The Rotator/Guider provides the interface between the telescope and the R.C. Spectrograph. These auxiliary devices are multi-functional providing rotation for the spectrograph, guide probes for locating guide stars, calibration light sources and auxiliary optics for TV acquisition systems. A set of Risley prisms is available for atmospheric dispersion correction. (These are currently being performance checked by KPNO staff before they go into operational status).

TV Acquisition Systems

The acquisition systems currently in use are: The ISIT camera on the North Port is normally always in place for target acquisition and provides a 5 arc-minute field. It is anticipated that the ISIT will be replaced by an ICCD in the near future. This camera cannot be used during integrations since a auxiliary on-axis mirror must be in the beam.

The slit viewing ICCD camera provides a 2.5' field and can be used during integrations to monitor the field. Auto-guiding is possible using the Leaky Memory Video Integrator.

In the rear slit viewing mode for multi-slit work, the ICCD cannot be used during integrations since a auxiliary on-axis mirror must be in the beam. The entire 5' field can be viewed in this mode of operation. Using this camera and a manually inserted lens, the telescope can be focused using the knife-edge test.

An integrating video memory, the "Leaky Memory" is available for acquisition of faint objects. Stellar objects of V~19.5 can be seen under good seeing conditions with ~8 seconds of integration (or "leak") using the wide-field system. The slit viewing systems have a limiting range of about V~19 under good conditions using the "Leaky Memory".

Spectrograph Position Angle Rotation

The range of rotation is +-90 degrees from the default east/west position. This corresponds to a range 0 <= PA <= 180 degrees. The spectrograph and auto-guider are remotely rotatable from the console room. Due to the asymmetrical weight distribution of the spectrograph, there are some restrictions with zenith distance. The guidelines are:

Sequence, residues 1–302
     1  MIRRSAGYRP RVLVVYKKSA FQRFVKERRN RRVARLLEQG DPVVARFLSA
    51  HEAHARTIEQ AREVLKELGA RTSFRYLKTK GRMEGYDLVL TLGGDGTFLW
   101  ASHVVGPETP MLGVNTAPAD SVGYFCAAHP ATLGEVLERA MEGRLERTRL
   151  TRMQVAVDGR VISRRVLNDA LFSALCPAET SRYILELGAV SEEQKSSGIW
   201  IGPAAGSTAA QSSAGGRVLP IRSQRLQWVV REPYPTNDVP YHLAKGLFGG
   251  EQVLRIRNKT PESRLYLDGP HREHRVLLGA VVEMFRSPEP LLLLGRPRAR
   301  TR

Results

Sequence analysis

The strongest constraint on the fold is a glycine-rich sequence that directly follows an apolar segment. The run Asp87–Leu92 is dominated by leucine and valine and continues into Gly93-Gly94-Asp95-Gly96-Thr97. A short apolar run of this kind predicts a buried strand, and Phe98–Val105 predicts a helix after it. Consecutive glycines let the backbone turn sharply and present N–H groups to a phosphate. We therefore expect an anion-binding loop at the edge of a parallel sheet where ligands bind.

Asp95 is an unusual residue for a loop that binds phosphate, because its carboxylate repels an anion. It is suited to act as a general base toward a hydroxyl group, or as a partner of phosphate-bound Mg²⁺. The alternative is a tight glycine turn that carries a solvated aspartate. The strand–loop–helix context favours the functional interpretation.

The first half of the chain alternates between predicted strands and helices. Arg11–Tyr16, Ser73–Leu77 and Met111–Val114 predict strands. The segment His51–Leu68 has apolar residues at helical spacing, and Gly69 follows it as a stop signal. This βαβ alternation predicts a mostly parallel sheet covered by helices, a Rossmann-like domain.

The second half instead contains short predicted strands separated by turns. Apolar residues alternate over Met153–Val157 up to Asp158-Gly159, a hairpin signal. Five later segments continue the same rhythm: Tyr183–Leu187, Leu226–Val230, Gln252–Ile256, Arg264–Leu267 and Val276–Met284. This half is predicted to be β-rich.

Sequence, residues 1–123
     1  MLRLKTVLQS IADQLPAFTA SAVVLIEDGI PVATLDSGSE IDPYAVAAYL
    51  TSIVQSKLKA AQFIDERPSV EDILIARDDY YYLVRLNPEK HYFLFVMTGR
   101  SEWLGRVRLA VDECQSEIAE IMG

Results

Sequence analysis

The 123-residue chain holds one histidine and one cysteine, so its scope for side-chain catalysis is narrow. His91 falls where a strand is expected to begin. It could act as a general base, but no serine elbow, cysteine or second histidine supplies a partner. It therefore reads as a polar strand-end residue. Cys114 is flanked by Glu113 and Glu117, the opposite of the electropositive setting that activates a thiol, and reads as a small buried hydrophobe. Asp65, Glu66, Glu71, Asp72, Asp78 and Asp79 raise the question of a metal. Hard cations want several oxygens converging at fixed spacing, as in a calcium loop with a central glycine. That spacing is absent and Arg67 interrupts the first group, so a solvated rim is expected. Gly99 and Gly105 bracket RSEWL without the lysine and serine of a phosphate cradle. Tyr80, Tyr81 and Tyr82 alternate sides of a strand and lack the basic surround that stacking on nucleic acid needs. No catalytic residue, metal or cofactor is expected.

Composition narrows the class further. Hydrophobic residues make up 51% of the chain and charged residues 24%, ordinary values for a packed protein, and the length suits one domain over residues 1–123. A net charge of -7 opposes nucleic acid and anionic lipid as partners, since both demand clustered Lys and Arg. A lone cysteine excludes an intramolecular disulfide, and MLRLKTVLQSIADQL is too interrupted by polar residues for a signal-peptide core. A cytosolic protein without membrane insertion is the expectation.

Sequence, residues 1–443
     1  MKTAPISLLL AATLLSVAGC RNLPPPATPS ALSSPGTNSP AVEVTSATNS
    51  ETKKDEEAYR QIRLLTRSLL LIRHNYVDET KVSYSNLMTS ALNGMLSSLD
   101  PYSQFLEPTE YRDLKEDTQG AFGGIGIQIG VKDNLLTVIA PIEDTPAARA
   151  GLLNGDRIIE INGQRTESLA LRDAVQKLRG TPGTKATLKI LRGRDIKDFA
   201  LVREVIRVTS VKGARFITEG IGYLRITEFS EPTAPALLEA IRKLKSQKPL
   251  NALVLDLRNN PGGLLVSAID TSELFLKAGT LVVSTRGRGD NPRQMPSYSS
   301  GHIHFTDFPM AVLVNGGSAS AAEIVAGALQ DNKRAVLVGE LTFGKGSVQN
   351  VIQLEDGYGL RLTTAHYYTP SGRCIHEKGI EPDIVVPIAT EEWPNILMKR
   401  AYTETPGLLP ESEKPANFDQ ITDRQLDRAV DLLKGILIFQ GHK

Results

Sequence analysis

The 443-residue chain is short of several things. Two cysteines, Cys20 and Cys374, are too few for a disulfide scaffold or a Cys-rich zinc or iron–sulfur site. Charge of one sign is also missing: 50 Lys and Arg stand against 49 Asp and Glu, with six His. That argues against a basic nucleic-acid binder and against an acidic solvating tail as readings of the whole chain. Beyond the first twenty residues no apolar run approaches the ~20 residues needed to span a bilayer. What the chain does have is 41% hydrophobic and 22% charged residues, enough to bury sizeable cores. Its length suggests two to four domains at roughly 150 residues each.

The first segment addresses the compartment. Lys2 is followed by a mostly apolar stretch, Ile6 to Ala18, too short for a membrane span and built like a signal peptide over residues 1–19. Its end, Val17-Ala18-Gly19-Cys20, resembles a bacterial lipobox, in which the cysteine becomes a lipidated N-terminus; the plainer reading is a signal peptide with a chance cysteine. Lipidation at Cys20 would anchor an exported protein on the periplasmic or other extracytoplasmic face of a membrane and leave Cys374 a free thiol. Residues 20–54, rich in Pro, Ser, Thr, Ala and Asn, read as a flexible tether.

1. For large rotations (>2deg.), the telescope must be within 30 degrees of the zenith.
  2. For small rotations or "tweaking" (<=2 deg.), the telescope must be within 50 degrees of the zenith.

Additionally, for safety reasons, no one is permitted in the Cass cage during rotation if the telescope is more than 3 degrees from zenith. See the memo posted in the console room.

The position angle can be readout either in the cage or in the console room. One can read to the nearest half degree on the cage readout and to the nearest tenth of a degree using the status monitor (VDU) in the console room. The Telescope Operators are responsible for the safety of the equipment and personnel when rotating remotely.

Guide Star and Target Acquisition

The acquisition of guide stars can be done quickly by the Telescope Operator using a special program "gstar" on the SUN to search the Space Telescope Guide Star Catalogue. The observer generally need not be concerned about selecting and pre-measuring guide stars, unless one is working well away from the galactic plane or in dark-cloud regions. Full capabilities exist to electronically transfer target coordinates to the telescope control computer from outside the Observatory. See NOAO Newsletter, #30, June 1992, page 14 for details. Send your coordinates to ''.

Specifications - 4-Meter Automatic Guider Probes

  1. Guide Probes - two exist, one for the north half of the field and one for the south half. The north probe is an image dissector tube (IDT) while the south is an ILS TV camera.
  2. Guide Star Magnitude Range: 9 < B < 14
  3. Offsetting precision (~+-0.1")
  4. Range of the probes:
  5. Telescope Scale: 6.624 arc-seconds/mm (150 microns/arc-sec)
  6. Guide Probe Filters (north probe IDT only)
    1. A = Blue - BG37 (1mm)
    2. B = Red - OG590 (2mm)
    3. C = Neutral Density (NG3,1mm), ~2.5 mags.
    4. D = Clear (quartz plate, 1mm)

Calibration Light Sources

The calibration sources are located on the northeast side of the Instrument Rotator and are controlled via the a GUI from the Telescope Control System (TCS). The main mirror in the Instrument Rotator must be in position 4 to allow the light to pass into the spectrograph.

The lamp housing consists of three individual sources coupled to an integrating sphere. The ports are labeled A, B, and C. Each port has an optional stepping motor controlled circular neutral density wheel and also a filter carrier for a 2x2 inch filter. Normally the motorized ND housings are removed for increased lamp brightness. Port A, the quartz lamp, however, has a permanently attached ND filter wheel. Port A is dedicated to the quartz lamp, ports B and C can have either the Helium-Neon-Argon source or a thorium-argon hollow-cathode lamp or a bright quartz lamp attached. The He-Ne-A is used for low-to-moderate resolution work and the Th-A hollow-cathode is useful for higher resolution work. A bright quartz lamp is intended for use at high dispersion.
Friday, August 4, 1995